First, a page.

13-40 Goal Congruence The ideal transfer price allows each division manager to make decisions that maximize the company’s profit, while attempting to maximize his/her own division’s profit.
13-41 General-Transfer-Pricing Rule Transfer price Additional outlay cost per unit incurred because goods are transferred Opportunity cost per unit to the organization because of the transfer = +
13-42 The Battery Division makes a standard 12-volt battery. Production capacity300,000 units Selling price per battery$40 (to outsiders) Variable costs per battery$18 Fixed costs per battery$7 (at 300,000 units) The Battery division is currently selling 300,000 batteries to outsiders at $40. The Auto Division can use 100,000 of these batteries in its X-7 model. Scenario I: No Excess Capacity What is the appropriate transfer price?
13-43 Transfer price Additional outlay cost per unit incurred because goods are transferred Opportunity cost per unit to the organization because of the transfer = + Transfer price = $18 variable cost per battery + $22 Contribution lost if outside sales given up Transfer price = $40 per battery Scenario I: No Excess Capacity
13-44 Scenario I: No Excess Capacity $40 transfer price Auto division can purchase 100,000 batteries from an outside supplier for less than $40. Auto division can purchase 100,000 batteries from an outside supplier for more than $40. Transfer will not occur. Transfer will occur.
13-45 General Rule When the selling division is operating at capacity, the transfer price should be set at the market price. Scenario I: No Excess Capacity
13-46 The Battery Division makes a standard 12-volt battery. Production capacity300,000 units Selling price per battery$40 (to outsiders) Variable costs per battery$18 Fixed costs per battery$7 (at 300,000 units) The Battery division is currently selling 150,000 batteries to outsiders at $40. The Auto Division can use 100,000 of these batteries in its X-7 model. It can purchase them for $38 from an outside supplier. Scenario II: Excess Capacity What is the appropriate transfer price?
13-47 Transfer price Additional outlay cost per unit incurred because goods are transferred Opportunity cost per unit to the organization because of the transfer = + Transfer price = $18 variable cost per battery + Transfer price = $18 per battery Scenario II: Excess Capacity $0
13-48 General Rule When the selling division is operating below capacity, the minimum transfer price is the variable cost per unit. So, the transfer price will be no lower than $18, and no higher than $39. Scenario II: Excess Capacity
13-49 Scenario II: Excess Capacity Transfer will occur. $18 transfer price $39 transfer price Transfer will not occur. Transfer will not occur.
13-51 Setting Transfer Prices The value placed on transfer goods is used to make it possible to transfer goods between divisions while allowing them to retain their autonomy.
13-52 Goal Congruence Conflicts may arise between the company’s interests and an individual manager’s interests when transfer- price-based performance measures are used.
13-53 Conflicts may be resolved by Direct intervention by top management. 2. Centrally established transfer price policies. 3. Negotiated transfer prices. Setting Transfer Prices
13-54 Top management may become swamped with pricing disputes causing division managers to lose autonomy. I just won’t pay $65 for that part! You really don’t have any choice! Setting Transfer Prices Now, here is what the two of you are going to do.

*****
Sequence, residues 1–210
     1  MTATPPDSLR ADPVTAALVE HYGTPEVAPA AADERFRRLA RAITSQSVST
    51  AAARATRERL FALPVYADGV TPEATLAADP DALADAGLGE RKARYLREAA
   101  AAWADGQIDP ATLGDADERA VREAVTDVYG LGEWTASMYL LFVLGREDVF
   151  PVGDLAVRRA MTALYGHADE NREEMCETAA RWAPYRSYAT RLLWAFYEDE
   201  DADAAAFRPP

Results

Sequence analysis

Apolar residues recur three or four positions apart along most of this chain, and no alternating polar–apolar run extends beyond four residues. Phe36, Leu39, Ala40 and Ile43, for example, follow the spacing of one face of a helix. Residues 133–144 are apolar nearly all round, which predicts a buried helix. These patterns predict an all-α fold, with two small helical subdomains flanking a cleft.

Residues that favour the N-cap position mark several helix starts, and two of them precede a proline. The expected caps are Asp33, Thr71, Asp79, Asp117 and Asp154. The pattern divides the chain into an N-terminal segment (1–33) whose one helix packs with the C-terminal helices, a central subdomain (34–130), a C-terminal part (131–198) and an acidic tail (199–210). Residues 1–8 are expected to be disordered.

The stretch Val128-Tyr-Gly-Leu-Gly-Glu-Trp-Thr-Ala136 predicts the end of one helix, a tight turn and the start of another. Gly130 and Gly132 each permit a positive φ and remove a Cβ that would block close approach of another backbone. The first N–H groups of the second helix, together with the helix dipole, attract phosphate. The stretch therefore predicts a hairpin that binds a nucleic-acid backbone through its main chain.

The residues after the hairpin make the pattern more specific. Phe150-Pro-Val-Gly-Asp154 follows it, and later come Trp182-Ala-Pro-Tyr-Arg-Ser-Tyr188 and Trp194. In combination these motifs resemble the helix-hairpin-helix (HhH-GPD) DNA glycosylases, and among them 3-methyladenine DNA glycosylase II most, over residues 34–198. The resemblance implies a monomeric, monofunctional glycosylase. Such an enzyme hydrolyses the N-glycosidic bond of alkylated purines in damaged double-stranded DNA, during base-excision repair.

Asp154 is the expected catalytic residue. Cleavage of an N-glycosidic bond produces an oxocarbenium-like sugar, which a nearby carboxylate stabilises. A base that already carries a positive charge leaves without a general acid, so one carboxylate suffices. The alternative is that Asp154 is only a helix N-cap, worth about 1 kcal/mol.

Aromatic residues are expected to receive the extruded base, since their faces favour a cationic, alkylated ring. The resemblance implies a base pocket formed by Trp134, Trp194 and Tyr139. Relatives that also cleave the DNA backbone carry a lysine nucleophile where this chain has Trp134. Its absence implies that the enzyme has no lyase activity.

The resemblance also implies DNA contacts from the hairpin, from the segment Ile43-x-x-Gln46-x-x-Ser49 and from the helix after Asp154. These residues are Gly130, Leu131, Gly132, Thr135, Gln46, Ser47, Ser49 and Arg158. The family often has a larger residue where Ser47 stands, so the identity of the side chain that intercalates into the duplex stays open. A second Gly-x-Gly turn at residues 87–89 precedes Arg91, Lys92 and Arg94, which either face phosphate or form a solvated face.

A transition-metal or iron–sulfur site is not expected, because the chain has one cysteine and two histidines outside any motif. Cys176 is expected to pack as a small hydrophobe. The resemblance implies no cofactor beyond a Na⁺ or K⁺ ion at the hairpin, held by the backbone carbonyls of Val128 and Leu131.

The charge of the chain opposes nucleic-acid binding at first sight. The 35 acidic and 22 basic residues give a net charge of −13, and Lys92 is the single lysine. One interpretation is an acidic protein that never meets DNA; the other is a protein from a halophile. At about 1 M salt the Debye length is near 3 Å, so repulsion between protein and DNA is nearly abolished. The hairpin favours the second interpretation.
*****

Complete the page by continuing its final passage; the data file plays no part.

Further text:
13-55 As a general rule, a market price-based transfer pricing policy contains the following guidelines The transfer price is usually set at a discount from the cost to acquire the item on the open market. 2. The selling division may elect to transfer or to continue to sell to the outside. As a general rule, a market price-based transfer pricing policy contains the following guidelines The transfer price is usually set at a discount from the cost to acquire the item on the open market. 2. The selling division may elect to transfer or to continue to sell to the outside. Centrally Established Transfer Prices
13-56 Negotiating the Transfer Price A system where transfer prices are arrived at through negotiation between managers of buying and selling divisions. Much management time is used in the negotiation process. Negotiated price may not be in the best interest of overall company operations.
13-57 Cost-Based Transfer Prices Some companies use the following measures of cost to establish transfer prices... –Variable cost –Full absorption cost l Beware of treating unit fixed costs as variable.
13-58 An International Perspective Since tax rates and import duties are different in different countries, companies have incentives to set transfer prices that will: 1. Increase revenues in low-tax countries. 2. Increase costs in high-tax countries. 3. Reduce cost of goods transferred to high- import-duty countries.
13-60 Behavioral Issues: Risk Aversion and Incentives The design of a managerial performance evaluation system using financial performance measures involves a trade-off between: Incentives for the manager to act in the organization’s interests. Risks imposed on the manager because financial performance measures are only partially controlled by the manager. And
13-61 Goal Congruence and Internal Control Systems A well-designed internal control system includes a set of procedures to prevent these major lapses in responsible behavior: –Fraud. –Corruption. –Financial Misrepresentation. –Unauthorized Action.
13-62 End of Chapter 13 Let’s transfer some of your capital to me so that my rate of return will be higher!